Flashback Friday: Remembering 9/11

Posted on September 9th, 2011

Although this blog is fairly new, my writing career isn’t. I’ve been a newspaper columnist for a bit over ten years now. And on September 11, 2001, I was an inexperienced columnist of 2 months, trying to make sense of what had just happened to our country. This is my original column, which was printed on September 14, 2001. It’s not my usual writing style, but it certainly reflects how I felt at the time.


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5 Responses to “Flashback Friday: Remembering 9/11”

  1. Gina Smith Says:

    Beautifully written. It is still true today. We ask ourselves, are we really Americans? Do we always fly our flags? I wear many of the ribbons you mentioned. I still wear them . I fly my fla all year. I always have. It it time for remembrance, healing and hope. I worry about what the schools are teaching about 9/11. While I understand that we are a diverse nation, I know the schools are skimming the top, and leave out a lot of background . They are worried about offending students and often do not mention 9/11. Anyway, thank you for writing this, and posting .

  2. Laurie Says:

    Hi Gina, Thank you so much. The weirdest thing of all…Junior is now a sophomore and it really is taught in his history class. He doesn’t remember much of it at all, except that he always called it “the bad thing.”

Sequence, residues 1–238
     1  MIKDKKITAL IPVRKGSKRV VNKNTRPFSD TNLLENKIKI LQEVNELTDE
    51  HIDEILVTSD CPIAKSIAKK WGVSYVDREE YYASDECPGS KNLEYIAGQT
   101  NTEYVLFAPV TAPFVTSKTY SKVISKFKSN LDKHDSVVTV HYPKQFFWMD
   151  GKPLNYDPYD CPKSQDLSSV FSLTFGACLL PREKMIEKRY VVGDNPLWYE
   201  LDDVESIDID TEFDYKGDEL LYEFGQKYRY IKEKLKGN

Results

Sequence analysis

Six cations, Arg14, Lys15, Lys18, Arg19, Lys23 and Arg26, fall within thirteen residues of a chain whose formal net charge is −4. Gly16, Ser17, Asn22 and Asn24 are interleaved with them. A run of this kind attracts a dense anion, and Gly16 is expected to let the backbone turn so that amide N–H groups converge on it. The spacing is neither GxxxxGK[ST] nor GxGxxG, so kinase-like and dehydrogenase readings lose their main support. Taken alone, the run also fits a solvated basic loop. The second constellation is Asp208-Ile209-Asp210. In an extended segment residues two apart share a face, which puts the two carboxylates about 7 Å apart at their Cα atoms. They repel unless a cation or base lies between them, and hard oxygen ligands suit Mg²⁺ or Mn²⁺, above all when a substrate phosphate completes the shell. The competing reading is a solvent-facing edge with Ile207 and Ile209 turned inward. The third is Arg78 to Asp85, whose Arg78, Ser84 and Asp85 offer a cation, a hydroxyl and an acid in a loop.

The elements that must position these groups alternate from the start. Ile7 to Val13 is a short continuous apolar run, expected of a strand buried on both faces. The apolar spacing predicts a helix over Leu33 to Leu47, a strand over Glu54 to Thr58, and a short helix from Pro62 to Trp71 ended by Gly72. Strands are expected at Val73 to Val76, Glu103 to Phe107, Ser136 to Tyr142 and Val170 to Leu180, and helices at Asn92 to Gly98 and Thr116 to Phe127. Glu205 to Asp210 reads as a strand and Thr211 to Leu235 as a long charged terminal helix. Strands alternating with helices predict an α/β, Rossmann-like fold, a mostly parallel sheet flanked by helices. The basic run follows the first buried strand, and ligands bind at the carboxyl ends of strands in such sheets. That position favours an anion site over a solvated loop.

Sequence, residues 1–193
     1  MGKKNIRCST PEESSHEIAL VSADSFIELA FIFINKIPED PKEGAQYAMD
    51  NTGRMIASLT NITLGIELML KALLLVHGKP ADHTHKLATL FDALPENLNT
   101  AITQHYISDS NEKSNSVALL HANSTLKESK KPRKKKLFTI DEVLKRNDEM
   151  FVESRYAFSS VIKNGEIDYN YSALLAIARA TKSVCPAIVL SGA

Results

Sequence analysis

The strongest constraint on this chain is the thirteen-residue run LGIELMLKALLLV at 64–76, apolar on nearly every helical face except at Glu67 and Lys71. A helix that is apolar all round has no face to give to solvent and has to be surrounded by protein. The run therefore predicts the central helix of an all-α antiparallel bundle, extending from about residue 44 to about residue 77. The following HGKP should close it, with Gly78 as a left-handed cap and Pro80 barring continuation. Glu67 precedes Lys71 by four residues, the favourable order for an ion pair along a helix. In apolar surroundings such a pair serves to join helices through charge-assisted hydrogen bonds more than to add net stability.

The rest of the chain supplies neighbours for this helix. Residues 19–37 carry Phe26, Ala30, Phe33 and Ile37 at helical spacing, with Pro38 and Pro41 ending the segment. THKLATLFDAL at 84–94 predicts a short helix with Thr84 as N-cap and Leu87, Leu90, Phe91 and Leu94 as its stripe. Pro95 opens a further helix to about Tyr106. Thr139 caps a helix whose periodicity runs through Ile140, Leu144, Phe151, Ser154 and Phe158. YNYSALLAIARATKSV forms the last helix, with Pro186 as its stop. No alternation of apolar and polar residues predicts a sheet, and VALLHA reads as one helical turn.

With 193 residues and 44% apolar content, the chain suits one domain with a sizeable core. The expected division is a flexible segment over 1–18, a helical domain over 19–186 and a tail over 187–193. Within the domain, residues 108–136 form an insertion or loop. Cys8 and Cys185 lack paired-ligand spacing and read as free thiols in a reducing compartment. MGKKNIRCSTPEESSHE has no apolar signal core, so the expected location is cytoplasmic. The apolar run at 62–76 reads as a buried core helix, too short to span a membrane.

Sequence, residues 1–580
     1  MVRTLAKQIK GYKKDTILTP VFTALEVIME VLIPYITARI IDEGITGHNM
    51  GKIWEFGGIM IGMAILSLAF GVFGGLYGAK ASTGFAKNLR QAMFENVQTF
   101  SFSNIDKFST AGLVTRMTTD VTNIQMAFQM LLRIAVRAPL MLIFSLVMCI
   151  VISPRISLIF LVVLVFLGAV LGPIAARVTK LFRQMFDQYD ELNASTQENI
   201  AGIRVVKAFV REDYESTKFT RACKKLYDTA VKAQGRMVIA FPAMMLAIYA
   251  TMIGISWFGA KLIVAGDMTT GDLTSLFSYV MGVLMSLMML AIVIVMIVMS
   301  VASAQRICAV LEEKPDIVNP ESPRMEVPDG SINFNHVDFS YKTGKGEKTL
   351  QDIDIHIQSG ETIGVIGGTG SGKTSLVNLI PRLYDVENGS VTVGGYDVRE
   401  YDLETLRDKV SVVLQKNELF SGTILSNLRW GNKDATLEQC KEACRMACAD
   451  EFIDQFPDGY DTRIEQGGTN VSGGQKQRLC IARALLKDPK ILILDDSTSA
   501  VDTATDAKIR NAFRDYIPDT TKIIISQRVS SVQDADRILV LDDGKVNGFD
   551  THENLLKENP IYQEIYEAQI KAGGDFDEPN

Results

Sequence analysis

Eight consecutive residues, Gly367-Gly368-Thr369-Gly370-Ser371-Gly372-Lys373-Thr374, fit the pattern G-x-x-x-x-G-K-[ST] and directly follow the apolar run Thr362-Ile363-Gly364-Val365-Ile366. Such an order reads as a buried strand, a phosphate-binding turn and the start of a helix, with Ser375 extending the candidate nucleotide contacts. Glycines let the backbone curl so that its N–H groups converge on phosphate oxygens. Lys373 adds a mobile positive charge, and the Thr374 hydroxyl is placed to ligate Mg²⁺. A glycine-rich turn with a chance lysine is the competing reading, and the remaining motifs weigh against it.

3. Neha Says:

    I was a sophmore in high school and I remember I was in the World History class and our principal came on the intercom system and told all the teachers to turn the tvs on and for the rest of the day we just sat in class and watched the news and just kept seeing the repeated broadcast of the buildings getting hit and then falling. My parents signed me out of school early for the first time ever that day. It was pretty terrifying.

  4. Gina Smith Says:

    I am very pleased to hear about his history class! I spoke to numerous teachers of varying grade levels, and they are going to have ” subject branch discussions”. This enables them to discuss events / subjects at age appropriate levels, even digressing from the standard answers. So hopefully this will not be taught like Vietnam and Korea, and take years to have it taught correctly and historically true. As a soldier,wife of soldier, and descendant of a long military line, it is hard to see our youth mislead in history classes. I have had the pleasure of speaking to a lot of classrooms and groups of children and teens about 9/11 and Iragi Freedom and Operation Enduring Freedom. Luckily the teachers and group leaders were fellow service members. There was not a lot of disapproval f the staff or parents about any lessons I taught.

  5. Laurie Says:

    @Neha, it was a terrifying day, that’s an excellent way to put it. I just remember watching CNN over and over and thinking, “this is so not happening.” It was an awful, awful, terrifying day.

    @Gina, Good for you for speaking to classes. I think it’s important that our children realize that history is created by someone, that is, someone lived through it and fought through it. By having you there to speak about it, it makes it more real to them.

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